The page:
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STAFF EDITORIAL: PETA’s single issue strategies are a far cry from activism

Back in our Dec. 7, 2009 issue, The Campanil published an editorial titled “Pornography for the Ethical Treatment of Animals?” condemning the actions of animal rights group People for the Ethical Treatment For Animals (PETA) as blindly single-issue and offensive.  Recently, PETA announced they will, indeed, soon be launching a porn site.

That’s right:  if you thought the “I’d Rather Go Naked Than Wear Fur” campaign was racy, that was vanilla compared PETA’s newest scheme.  While watching the XXX-rated content, viewers will be intermittently exposed to other graphic images, namely videos depicting different brutality and suffering experienced by animals in various locations, (i.e., laboratories, factory farms).  What better way to think about the politics of an animal product-dependent society, right?

Certainly PETA is aware of the “controversial” nature of their campaigns, evidenced by the Huffington Post’s quote from spokeswoman Lindsay Rajt: “We live in a 24 hour news cycle world, and we learn the racy things we do are sometimes the most effective way that we can reach particular individuals.”

Uh, which particular individuals are those, exactly?  Maybe these individuals will have an epiphany that will go something like this: “Hm, sexy chicks getting boned spliced with footage of chickens getting their beaks sawed off?  That’s kind of bizarre — and disgusting.  Wow, maybe I should really start reading up on vegetarianism and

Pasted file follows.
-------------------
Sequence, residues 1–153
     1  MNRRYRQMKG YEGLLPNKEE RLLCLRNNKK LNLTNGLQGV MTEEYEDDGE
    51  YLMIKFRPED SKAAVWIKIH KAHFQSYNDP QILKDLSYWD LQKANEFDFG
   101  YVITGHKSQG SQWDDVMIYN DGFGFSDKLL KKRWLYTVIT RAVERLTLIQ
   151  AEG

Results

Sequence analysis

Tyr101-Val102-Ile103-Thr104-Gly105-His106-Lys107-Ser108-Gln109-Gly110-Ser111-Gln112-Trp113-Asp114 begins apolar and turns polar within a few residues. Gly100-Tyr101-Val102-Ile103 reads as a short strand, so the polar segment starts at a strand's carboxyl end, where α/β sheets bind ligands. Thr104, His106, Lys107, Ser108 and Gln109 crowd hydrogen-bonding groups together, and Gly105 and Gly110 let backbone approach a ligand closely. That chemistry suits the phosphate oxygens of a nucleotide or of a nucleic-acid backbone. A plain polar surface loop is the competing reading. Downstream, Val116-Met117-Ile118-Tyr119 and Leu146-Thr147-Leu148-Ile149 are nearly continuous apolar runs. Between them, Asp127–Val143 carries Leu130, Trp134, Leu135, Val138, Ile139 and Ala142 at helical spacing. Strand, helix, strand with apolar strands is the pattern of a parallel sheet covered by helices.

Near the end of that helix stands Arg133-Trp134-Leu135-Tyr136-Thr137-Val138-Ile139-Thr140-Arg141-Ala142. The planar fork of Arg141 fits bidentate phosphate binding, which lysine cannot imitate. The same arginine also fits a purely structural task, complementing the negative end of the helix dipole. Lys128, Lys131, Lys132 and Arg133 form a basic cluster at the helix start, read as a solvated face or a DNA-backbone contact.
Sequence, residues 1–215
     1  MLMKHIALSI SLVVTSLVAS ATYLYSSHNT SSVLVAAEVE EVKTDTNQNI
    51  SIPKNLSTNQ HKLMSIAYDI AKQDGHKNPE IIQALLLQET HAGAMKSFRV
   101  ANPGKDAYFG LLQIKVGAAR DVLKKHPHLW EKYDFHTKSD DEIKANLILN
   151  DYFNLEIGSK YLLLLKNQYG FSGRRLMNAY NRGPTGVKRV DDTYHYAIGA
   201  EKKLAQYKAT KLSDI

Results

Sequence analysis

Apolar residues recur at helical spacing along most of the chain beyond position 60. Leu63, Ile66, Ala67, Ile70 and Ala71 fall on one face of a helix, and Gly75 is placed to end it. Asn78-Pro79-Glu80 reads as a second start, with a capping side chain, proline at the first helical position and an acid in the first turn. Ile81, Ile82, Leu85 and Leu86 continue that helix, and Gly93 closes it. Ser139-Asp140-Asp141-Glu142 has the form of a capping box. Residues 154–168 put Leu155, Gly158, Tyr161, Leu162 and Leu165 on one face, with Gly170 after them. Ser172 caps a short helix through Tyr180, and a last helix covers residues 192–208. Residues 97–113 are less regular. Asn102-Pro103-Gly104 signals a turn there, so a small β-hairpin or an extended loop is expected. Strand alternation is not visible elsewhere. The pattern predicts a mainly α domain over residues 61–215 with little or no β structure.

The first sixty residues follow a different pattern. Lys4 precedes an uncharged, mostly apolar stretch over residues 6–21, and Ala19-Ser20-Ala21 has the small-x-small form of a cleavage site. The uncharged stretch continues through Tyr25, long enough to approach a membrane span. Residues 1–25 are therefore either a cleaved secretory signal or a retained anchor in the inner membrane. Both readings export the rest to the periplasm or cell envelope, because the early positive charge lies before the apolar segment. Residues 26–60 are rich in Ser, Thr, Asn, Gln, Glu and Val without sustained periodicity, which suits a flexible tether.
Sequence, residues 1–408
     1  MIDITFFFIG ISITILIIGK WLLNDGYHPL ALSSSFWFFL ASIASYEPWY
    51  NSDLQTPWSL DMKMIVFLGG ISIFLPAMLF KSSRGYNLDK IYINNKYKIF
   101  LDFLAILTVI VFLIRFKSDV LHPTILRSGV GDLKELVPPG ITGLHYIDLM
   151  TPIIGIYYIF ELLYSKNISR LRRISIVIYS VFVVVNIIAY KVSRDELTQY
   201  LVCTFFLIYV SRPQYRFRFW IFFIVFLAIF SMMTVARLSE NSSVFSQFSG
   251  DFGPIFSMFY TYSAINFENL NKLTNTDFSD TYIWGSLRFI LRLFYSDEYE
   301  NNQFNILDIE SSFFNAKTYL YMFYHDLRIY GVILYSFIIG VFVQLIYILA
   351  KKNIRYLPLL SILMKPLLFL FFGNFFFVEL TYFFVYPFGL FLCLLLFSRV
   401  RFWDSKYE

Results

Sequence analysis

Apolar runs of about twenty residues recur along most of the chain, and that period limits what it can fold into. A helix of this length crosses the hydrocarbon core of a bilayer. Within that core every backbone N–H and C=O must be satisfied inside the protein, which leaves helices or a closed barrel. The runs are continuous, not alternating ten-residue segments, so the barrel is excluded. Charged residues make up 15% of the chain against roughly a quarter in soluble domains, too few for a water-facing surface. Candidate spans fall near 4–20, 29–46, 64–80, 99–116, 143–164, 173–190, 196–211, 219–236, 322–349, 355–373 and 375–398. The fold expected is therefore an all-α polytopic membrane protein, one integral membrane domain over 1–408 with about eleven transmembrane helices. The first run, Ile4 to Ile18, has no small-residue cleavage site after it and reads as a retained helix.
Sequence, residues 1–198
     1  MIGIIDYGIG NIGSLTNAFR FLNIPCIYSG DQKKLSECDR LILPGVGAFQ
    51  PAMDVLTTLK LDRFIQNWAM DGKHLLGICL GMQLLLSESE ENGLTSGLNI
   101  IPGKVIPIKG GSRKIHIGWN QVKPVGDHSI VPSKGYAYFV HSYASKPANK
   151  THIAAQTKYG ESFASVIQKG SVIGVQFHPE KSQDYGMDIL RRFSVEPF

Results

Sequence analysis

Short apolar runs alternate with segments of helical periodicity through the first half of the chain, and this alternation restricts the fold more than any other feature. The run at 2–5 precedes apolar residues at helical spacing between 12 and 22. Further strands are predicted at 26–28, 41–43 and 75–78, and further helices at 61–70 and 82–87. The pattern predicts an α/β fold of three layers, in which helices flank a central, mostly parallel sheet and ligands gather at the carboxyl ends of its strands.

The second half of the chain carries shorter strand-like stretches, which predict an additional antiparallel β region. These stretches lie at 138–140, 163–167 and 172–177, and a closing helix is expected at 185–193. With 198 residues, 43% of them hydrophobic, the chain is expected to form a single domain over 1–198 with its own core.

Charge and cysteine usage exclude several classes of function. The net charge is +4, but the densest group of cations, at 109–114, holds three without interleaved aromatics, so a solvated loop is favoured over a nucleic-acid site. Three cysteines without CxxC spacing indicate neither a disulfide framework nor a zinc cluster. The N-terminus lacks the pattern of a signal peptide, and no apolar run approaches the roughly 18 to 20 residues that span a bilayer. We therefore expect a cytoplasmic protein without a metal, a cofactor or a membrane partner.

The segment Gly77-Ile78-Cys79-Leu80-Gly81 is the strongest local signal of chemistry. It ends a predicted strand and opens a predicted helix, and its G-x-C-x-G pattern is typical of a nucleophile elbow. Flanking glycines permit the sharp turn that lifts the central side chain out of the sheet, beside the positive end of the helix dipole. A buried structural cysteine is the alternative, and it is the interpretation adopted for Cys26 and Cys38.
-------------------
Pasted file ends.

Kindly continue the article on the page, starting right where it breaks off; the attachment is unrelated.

animal rights!”

We can only hope that this new campaign — which, honestly makes sense as the climax (ha) to years of porny ads — will result in some group of vegans who actually practice anti-oppression lifestyles marching over to PETA’s HQ and beating everyone senseless with a copy of The Sexual Politics of Meat.

What makes us even angrier is that PETA receives more resources than any other animal rights group — their donations totalled over $32 million for its 2009 fiscal year.  It makes sense — ludicrous, alienating campaign after campaign probably gets really expensive, plus there’s PETA international President Ingrid Newkirk’s salary to pay.

PETA has long embarrassed those of us who identify as vegetarians or animal lovers (and especially The Campanil’s lone vegan), declaring idiotic ploys as “activism.”

We are tired of being associated with the sleazy vegangelicals over at PETA and we’re pretty tired of PETA itself, too.